KRASNAYA POLYANA, Russia — Kaitlyn Farrington didn’t expect to win gold in women’s halfpipe snowboarding. She didn’t even qualify for the Sochi 2014 Olympic Winter Games until she nailed her run in the final Olympic qualifier less than a month ago. Then in Sochi, three Olympic gold medalists were in the halfpipe finals with her.
But then on a spring-like night at the Rosa Khutor Extreme Park, the petite 24-year-old from Sun Valley, Idaho, rode two solid, stylish runs and won her own Olympic gold medal.
“It was crazy sitting at the bottom,” said Farrington, looking happily stunned. “I was stoked I landed my run, and to have to watch all the other Olympians come down,” she paused, then repeated, “I was stoked I landed my run.”
With Kelly Clark earning her second bronze medal — and third total Olympic medal — U.S. women have won over half of the Olympic medals awarded since halfpipe snowboarding debuted at the 1998 Games. Torah Bright, the 2010 defending gold medalist, took the silver medal.
The night belonged to Farrington though, who came to Sochi as the U.S. team’s underdog. Hannah Teter, the 2006 gold and 2010 silver medalist, knew better, though.
“Nobody can count [Kaitlyn] out ever,” said Teter, who ended up fourth. “She’s just style, so much style, judges seem to be rewarding that heavily, clean style. Who would have thought she was going to win this thing? I don’t think anybody knew that was coming. Surprise, surprise.”
While Clark, Teter and Bright all advanced straight to the final from afternoon qualifying, Farrington had to compete in the semifinal. Arielle Gold never made it to qualifying. She fell during practice and withdrew from the competition with a shoulder injury.
Riding all day was Farrington’s plan. It would give her more practice.
“When you’re young coming into it, you have no expectations,” said Teter. “[Kaitlyn] came into it to have fun. We came up here together today, and she was in good spirits and having a good time, dancing all the time like she always does.”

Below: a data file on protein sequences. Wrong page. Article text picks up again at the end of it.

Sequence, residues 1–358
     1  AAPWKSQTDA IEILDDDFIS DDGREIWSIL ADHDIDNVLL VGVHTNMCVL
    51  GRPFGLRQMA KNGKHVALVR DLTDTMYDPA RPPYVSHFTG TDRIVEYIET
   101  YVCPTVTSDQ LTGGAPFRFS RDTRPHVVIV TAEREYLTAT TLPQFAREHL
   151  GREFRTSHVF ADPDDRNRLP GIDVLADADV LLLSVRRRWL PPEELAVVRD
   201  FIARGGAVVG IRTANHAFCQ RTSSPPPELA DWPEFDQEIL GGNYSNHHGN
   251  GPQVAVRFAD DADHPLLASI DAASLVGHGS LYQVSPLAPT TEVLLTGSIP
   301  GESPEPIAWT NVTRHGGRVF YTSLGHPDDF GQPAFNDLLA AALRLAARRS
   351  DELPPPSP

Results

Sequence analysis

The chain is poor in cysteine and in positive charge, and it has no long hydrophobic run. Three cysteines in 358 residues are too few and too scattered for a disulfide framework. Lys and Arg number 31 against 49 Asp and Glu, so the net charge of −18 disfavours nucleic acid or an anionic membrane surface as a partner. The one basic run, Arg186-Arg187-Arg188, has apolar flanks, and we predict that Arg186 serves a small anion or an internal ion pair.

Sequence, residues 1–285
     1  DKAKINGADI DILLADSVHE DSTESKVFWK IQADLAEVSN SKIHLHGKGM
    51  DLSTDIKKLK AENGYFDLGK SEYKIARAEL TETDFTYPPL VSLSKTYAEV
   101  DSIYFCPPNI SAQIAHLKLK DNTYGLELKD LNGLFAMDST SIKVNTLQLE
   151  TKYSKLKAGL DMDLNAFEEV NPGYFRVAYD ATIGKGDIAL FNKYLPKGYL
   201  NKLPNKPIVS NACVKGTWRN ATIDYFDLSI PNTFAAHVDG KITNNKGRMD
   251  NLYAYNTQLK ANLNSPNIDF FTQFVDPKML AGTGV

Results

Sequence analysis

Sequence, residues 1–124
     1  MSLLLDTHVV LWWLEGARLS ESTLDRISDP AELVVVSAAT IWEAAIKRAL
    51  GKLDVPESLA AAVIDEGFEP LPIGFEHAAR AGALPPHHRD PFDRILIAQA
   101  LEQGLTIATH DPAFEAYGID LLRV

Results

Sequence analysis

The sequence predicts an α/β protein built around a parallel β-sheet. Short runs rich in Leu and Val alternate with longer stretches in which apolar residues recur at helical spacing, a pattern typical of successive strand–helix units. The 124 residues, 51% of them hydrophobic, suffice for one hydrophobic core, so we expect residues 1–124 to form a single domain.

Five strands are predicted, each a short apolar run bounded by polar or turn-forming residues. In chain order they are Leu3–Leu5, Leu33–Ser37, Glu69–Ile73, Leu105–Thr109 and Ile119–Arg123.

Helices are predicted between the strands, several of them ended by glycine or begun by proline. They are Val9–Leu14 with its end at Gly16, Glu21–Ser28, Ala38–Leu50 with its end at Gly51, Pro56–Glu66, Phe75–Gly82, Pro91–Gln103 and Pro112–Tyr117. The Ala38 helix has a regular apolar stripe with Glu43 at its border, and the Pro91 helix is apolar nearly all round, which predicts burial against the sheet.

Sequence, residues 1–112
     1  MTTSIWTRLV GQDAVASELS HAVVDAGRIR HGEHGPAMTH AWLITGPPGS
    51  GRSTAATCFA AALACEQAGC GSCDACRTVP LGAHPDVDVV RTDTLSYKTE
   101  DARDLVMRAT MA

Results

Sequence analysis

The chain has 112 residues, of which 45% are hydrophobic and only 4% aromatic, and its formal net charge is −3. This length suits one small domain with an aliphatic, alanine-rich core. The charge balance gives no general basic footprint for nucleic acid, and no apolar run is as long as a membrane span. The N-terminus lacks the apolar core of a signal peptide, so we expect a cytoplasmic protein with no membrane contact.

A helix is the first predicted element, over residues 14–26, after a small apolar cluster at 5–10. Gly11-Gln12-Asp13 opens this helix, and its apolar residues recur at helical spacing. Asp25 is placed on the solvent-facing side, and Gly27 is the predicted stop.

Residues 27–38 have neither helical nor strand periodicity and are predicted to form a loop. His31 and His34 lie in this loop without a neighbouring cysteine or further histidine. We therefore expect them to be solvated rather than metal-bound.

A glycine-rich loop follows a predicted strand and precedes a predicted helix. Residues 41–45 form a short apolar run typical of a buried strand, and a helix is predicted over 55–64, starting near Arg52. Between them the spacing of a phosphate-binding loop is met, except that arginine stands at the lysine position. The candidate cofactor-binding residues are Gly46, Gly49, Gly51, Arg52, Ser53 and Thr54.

Farrington even danced as she stood in the leader’s box, awaiting her fate. Her second run score of 91.75 put her in the lead. But Teter, Bright and Clark were still to come. Teter fell her second run, leaving her behind Farrington. Bright went huge but landed rough off one landing and couldn’t pull past Farrington.
Finally four-time Olympian Kelly Clark was up. The winningest snowboarder in history, 30-year-old Clark fell hard on her first run. The 2002 gold and 2010 bronze medalist then had to regroup for her second run. It wasn’t her cleanest run ever, but a 90.75 — awarded after a painfully long wait — put her on the podium with a bronze medal to match the one she won at the 2010 Vancouver Games.
“It’s a very difficult situation to fall on the first run in a final,” Clark said. “I didn't land one run in practice all night, and I fell on my first run. Then to land my final run as the final rider in an Olympic final was a huge achievement for me.”
Anxiously watching were Farrington’s parents, Gary and Suz, who were holding a small sign that read, “Kaitlyn Farrington, Cowgirl Up” — a saying coined by her former swim coach that had become a family joke. The Farringtons own a ranch near Sun Valley, and Kaitlyn grew up riding horses.
When he realized that his daughter would win a medal, Mr. Farrington wiped tears from his eyes. Then when his daughter won gold, he let it go.
“Are you kidding me?” he shouted. “My little girl!”
Suz Farrington credited Kaitlyn’s smooth style with good balance from riding horses. She was skiing by age 3 and barrel racing at age 5.
“She was skiing on a tether for two days, then said, ‘I’m done with this stuff,’” remembered Mr. Farrington.
Farrington switched to snowboarding but never thought she would compete in the Olympic Winter Games; she doesn’t remember watching Clark win gold at the Salt Lake City Games in 2002. By high school though, Farrington was competing, and her parents had to sell the cows on their ranch to pay for expenses.
Riding in the long shadows of Clark, Teter and 2006 silver medalist Gretchen Bleiler, Farrington finally began to shine this year. She only qualified for her first Winter Games in the final qualifier in Mammoth, Calif., where she beat Clark. Then at Winter X Games, Farrington finished third.
Not until she was on the plane to Sochi did she realize that she’s an Olympian. Now she’s an Olympic gold medalist.
“If I didn't win, I’m glad someone from the U.S. did,” said Clark, “so we can hear the national anthem.”
Peggy Shinn is a freelance contributor for TeamUSA.org. This story was not subject to the approval of the United States Olympic Committee or any National Governing Bodies.